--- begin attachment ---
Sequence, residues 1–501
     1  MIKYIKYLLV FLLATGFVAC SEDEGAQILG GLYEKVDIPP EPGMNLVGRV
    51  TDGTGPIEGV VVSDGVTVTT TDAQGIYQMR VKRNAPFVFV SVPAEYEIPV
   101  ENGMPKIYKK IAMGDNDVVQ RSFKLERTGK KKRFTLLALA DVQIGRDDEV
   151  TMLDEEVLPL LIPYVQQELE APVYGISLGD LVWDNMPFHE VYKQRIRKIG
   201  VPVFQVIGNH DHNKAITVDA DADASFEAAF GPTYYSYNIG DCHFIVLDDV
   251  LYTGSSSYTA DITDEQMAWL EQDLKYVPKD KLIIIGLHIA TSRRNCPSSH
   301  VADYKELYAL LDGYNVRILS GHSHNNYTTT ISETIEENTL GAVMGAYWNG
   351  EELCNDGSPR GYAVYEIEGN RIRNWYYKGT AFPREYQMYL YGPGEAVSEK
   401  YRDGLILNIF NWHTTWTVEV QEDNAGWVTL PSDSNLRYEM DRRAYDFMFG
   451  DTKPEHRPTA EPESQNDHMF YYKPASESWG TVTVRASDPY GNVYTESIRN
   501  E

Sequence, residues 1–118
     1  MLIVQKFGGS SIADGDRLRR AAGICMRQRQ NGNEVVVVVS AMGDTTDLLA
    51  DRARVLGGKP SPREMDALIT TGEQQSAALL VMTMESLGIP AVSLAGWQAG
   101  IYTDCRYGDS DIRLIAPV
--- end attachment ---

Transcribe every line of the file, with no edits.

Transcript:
Sequence, residues 1–501
     1  MIKYIKYLLV FLLATGFVAC SEDEGAQILG GLYEKVDIPP EPGMNLVGRV
    51  TDGTGPIEGV VVSDGVTVTT TDAQGIYQMR VKRNAPFVFV SVPAEYEIPV
   101  ENGMPKIYKK IAMGDNDVVQ RSFKLERTGK KKRFTLLALA DVQIGRDDEV
   151  TMLDEEVLPL LIPYVQQELE APVYGISLGD LVWDNMPFHE VYKQRIRKIG
   201  VPVFQVIGNH DHNKAITVDA DADASFEAAF GPTYYSYNIG DCHFIVLDDV
   251  LYTGSSSYTA DITDEQMAWL EQDLKYVPKD KLIIIGLHIA TSRRNCPSSH
   301  VADYKELYAL LDGYNVRILS GHSHNNYTTT ISETIEENTL GAVMGAYWNG
   351  EELCNDGSPR GYAVYEIEGN RIRNWYYKGT AFPREYQMYL YGPGEAVSEK
   401  YRDGLILNIF NWHTTWTVEV QEDNAGWVTL PSDSNLRYEM DRRAYDFMFG
   451  DTKPEHRPTA EPESQNDHMF YYKPASESWG TVTVRASDPY GNVYTESIRN
   501  E

Sequence, residues 1–118
     1  MLIVQKFGGS SIADGDRLRR AAGICMRQRQ NGNEVVVVVS AMGDTTDLLA
    51  DRARVLGGKP SPREMDALIT TGEQQSAALL VMTMESLGIP AVSLAGWQAG
   101  IYTDCRYGDS DIRLIAPV